Report on Witori (Papua New Guinea) — 21 August-27 August 2002
Smithsonian / US Geological Survey Weekly Volcanic Activity Report,
21 August-27 August 2002
Managing Editor: Gari Mayberry
Please cite this report as:
Global Volcanism Program, 2002. Report on Witori (Papua New Guinea). In: Mayberry, G (ed.), Weekly Volcanic Activity Report, 21 August-27 August 2002. Smithsonian Institution and US Geological Survey.
Papua New Guinea
5.576°S, 150.516°E; summit elev. 724 m
All times are local (unless otherwise noted)
On 21 August several news articles reported that surface deformation had been recorded at Pago by Rabaul Volcano Observatory (RVO) staff. They also reported that Ima Itikarai, an RVO seismologist, stated that "Lava is flowing from one of the small vents that was formed, but the lava is still contained within the corridor, so it's not a threat." The natural corridor is reportedly 30 m high. Due to the volcanism that has been occurring for three weeks, emergency officials discussed re-settling the 8,000 displaced residents near Pago.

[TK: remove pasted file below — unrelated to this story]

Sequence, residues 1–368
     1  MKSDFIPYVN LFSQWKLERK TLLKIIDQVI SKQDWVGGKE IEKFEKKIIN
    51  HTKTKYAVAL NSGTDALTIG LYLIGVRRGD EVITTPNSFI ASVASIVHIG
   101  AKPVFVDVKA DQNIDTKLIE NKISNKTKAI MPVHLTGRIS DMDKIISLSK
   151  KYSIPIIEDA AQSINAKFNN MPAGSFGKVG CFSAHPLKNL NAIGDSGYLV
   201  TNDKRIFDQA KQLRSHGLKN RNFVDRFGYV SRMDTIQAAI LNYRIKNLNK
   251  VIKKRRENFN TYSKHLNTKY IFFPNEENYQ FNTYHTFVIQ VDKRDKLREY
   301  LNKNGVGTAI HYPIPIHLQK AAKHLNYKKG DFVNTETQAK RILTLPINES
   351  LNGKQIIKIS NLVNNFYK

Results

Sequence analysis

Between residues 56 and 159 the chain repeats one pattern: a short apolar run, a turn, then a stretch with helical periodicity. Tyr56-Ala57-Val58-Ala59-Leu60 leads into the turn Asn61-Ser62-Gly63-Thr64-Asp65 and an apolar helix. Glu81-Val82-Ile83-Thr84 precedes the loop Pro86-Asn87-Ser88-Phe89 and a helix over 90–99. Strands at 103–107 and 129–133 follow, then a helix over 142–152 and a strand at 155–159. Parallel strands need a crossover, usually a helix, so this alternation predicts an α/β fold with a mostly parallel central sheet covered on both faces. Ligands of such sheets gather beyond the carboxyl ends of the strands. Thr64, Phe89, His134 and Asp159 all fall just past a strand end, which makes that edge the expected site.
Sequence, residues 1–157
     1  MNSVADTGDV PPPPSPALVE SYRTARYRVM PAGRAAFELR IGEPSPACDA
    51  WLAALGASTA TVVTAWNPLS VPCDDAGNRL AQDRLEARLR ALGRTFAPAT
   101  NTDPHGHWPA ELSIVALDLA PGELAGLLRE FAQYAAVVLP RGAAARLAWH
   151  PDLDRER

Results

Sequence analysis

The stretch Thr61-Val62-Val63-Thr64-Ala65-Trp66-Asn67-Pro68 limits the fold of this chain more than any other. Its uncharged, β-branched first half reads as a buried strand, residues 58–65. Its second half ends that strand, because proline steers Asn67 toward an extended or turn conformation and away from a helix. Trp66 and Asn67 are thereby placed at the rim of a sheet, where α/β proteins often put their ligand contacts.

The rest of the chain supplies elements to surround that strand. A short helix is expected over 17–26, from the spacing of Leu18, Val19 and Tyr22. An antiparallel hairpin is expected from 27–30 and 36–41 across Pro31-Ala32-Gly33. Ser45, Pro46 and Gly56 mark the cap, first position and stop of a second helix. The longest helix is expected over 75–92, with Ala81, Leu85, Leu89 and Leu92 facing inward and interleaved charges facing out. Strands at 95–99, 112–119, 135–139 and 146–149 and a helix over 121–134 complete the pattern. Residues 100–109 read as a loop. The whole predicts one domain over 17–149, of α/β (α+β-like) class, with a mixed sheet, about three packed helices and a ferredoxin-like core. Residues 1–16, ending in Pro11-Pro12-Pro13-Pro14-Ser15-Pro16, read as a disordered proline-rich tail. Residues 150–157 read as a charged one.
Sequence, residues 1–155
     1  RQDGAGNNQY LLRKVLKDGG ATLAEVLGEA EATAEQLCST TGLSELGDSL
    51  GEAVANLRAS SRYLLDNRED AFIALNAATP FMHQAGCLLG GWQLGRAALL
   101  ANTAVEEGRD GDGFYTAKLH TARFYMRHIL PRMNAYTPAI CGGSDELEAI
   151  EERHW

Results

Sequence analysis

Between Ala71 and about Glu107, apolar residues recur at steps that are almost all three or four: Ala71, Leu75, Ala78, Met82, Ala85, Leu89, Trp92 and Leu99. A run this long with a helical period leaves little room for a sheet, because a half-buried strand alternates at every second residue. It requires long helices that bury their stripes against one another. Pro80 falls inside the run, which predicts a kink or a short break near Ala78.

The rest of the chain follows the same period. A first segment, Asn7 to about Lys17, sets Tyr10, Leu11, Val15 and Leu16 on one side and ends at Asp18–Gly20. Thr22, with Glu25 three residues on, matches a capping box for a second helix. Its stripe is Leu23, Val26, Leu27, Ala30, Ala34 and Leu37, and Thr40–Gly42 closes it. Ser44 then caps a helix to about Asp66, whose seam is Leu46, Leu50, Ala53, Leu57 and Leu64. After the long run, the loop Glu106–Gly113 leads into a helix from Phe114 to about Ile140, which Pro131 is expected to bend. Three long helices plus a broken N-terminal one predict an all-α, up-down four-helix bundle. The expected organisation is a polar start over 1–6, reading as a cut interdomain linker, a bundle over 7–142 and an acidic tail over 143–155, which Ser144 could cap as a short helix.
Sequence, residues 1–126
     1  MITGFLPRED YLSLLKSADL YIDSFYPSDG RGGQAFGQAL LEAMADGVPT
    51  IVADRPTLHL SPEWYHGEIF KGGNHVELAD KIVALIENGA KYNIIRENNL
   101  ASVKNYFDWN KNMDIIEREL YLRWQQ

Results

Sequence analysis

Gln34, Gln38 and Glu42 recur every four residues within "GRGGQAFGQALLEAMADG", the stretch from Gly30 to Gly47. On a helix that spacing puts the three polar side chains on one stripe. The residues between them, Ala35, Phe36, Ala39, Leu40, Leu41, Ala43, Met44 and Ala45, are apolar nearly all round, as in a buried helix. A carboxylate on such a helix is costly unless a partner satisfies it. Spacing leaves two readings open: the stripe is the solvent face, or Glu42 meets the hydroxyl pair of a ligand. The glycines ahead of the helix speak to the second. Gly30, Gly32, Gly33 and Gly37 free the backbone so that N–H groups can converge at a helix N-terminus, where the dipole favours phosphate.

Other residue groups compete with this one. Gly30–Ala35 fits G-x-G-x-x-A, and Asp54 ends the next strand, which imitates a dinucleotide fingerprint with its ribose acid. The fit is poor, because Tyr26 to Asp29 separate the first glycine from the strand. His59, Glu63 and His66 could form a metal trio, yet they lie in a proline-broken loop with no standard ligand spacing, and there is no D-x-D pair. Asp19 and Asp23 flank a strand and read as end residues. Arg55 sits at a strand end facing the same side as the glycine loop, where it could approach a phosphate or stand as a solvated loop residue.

Geological Summary. The 5.5 x 7.5 km Witori caldera on the northern coast of central New Britain contains the young historically active cone of Pago. The Buru caldera cuts the SW flank of Witori volcano. The gently sloping outer flanks of Witori volcano consist primarily of dacitic pyroclastic-flow and airfall deposits produced during a series of five major explosive eruptions from about 5600 to 1200 years ago, many of which may have been associated with caldera formation. The post-caldera Pago cone may have formed less than 350 years ago. Pago has grown to a height above that of the Witori caldera rim, and a series of ten dacitic lava flows from it covers much of the caldera floor. The youngest of these was erupted during 2002-2003 from vents extending from the summit nearly to the NW caldera wall.